Wednesday, June 07, 2006

Birchos HaShachar out of order

There are two major machlokos of Acharonim brought down in O.Ch. siman 46 regarding one who inverts the order of the birchos ha-shachar.

The first, brought down by the Mishnah Brurah (p.16), is regarding the brachos of she-lo asani aku"m, she-lo asani aved, and she-lo asani ishah. The Magen Avraham, N'siv Chayim, and Chayei Adam say that because the three brachos follow an upward procession, that an ishah is superior to an eved, who in turn is superior to an aku"m/goi (the M.B. uses both terms), if a person says she-lo asani eved or ishah prior to saying she-lo asani goi, he has already by implication given hoda'ah for not being made a goi, and therefore can no longer say this bracha. However, the Maharshal, Bach, P'ri M'gadim, Taz, and R' Akiva Eiger all argue, and say that one may still say the omitted bracha.

The second machlokes is found in se'if 5, in which the Mechaber, quoting the Siddur of R' Amram Gaon, says that if he said zokeif k'fufim prior to saying mattir asurim, he may not go back and say the latter bracha, and many acharonim, including the Taz and the P'ri M'gadim pasken this way (The Mishnah Brurah notes that some argue, but the Sha'ar HaTziyyun doesn't say who they are).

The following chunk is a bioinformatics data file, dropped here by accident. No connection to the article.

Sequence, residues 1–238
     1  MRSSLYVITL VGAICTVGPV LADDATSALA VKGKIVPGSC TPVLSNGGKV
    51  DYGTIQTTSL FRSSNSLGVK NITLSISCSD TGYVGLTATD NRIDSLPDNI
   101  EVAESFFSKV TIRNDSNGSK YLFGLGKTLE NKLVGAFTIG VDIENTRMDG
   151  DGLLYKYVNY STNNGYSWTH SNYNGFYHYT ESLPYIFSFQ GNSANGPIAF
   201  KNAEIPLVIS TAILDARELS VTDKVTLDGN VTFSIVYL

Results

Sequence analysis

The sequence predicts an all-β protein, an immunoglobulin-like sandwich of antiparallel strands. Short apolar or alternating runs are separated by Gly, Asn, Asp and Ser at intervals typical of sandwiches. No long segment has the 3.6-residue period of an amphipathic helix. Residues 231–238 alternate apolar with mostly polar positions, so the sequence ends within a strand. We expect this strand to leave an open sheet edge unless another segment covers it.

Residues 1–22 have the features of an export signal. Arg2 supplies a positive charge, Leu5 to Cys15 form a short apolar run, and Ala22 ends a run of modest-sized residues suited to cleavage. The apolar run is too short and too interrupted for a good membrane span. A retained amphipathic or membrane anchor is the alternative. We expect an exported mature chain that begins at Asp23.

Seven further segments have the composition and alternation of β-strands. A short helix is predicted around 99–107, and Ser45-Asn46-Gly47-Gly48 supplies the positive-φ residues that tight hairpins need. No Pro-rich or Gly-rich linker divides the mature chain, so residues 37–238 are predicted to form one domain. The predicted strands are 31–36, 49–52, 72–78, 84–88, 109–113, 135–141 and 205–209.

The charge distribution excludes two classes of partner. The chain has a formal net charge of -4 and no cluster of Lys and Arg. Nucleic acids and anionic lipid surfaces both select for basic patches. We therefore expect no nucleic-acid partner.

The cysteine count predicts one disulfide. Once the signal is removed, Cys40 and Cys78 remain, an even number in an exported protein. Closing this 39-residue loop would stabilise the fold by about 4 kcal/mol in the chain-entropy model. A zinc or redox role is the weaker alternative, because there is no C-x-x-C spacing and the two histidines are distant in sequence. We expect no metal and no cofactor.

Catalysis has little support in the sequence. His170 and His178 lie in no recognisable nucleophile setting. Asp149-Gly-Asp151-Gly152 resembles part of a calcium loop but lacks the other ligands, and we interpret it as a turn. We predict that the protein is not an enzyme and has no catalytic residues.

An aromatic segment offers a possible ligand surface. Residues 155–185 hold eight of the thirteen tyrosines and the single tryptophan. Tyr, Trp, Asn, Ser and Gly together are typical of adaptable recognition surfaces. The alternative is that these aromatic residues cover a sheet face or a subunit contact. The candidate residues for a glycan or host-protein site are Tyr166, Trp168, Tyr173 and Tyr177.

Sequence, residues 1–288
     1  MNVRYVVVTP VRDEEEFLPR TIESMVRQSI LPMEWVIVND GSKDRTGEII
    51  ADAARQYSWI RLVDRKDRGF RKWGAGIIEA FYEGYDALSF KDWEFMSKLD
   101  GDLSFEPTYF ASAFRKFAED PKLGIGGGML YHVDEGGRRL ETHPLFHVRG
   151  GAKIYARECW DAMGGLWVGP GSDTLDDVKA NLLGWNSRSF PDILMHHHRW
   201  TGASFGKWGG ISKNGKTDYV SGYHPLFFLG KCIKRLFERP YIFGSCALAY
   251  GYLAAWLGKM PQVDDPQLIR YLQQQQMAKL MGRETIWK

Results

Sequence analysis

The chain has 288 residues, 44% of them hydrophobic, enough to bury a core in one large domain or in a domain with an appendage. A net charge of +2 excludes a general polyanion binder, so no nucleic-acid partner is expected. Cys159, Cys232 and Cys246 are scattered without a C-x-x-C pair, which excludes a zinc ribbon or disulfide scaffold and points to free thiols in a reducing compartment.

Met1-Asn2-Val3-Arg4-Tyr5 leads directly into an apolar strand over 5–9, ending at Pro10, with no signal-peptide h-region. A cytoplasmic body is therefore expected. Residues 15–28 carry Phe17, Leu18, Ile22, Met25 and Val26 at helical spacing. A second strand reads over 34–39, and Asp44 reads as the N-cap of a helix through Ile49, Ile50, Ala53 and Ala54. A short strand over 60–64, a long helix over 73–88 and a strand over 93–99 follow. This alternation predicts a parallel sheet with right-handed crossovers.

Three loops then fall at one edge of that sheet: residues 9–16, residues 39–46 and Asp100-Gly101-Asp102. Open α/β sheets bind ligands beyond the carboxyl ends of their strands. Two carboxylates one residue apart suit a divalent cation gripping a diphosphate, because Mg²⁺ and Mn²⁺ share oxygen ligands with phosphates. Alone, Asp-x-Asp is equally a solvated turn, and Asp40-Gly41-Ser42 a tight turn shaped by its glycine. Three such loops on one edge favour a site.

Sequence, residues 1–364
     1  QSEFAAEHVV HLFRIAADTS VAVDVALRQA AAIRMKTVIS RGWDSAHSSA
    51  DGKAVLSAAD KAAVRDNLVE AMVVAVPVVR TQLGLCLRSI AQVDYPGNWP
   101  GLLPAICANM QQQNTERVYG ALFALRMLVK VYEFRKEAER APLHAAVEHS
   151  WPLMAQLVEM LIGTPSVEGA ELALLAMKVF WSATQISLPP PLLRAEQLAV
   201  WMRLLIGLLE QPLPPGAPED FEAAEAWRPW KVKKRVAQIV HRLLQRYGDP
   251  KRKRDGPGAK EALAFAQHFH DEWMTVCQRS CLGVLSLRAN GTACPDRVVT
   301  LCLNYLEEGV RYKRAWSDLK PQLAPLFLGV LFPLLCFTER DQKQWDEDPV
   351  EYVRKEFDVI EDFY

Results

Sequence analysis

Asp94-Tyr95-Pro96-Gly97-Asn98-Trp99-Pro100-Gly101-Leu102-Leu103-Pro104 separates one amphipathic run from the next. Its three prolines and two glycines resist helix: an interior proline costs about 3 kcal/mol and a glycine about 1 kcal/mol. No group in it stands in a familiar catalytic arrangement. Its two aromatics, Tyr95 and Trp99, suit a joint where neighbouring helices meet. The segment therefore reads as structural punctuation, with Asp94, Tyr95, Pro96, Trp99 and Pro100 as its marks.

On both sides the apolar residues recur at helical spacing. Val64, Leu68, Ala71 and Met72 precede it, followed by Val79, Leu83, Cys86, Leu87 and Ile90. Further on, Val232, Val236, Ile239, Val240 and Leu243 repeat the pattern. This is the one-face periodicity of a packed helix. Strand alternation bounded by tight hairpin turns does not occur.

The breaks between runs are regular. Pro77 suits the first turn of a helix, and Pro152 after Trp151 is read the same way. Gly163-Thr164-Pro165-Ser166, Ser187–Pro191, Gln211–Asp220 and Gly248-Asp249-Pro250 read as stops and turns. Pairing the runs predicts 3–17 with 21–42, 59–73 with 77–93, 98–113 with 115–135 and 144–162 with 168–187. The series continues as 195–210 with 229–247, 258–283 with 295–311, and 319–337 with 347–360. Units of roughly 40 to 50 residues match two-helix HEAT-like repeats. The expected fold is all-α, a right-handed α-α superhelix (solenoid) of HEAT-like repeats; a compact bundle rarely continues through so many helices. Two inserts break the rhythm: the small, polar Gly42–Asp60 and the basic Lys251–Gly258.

At first glance, the Taz and the P'ri M'gadim seem to contradict himself, as the two cases seem to be analogous, yet they paskens one way by the former and the other way by the latter. However, the Taz says that the difference between the two brachos is that, while zokeif k'fufim entirely includes matir asurim and eliminates any need for it, the same cannot be said for shelo asani ishah and the two brachos that precede it, as a woman has a gri'usa with respect to the other two categories in that she has no possibility whatsoever of ever being able to become a Jewish man, while a nochri has the option to and an eved, at the very least, has the possibility to, if his master frees him (it is because of this latter difference, by the way, that everyone agrees that a geir can say the bracha of eved (in addition to ishah), because despite his overall gri'usa, he still has the ma'alyusa of his choice to become a full Jew not being in the hands of someone else).



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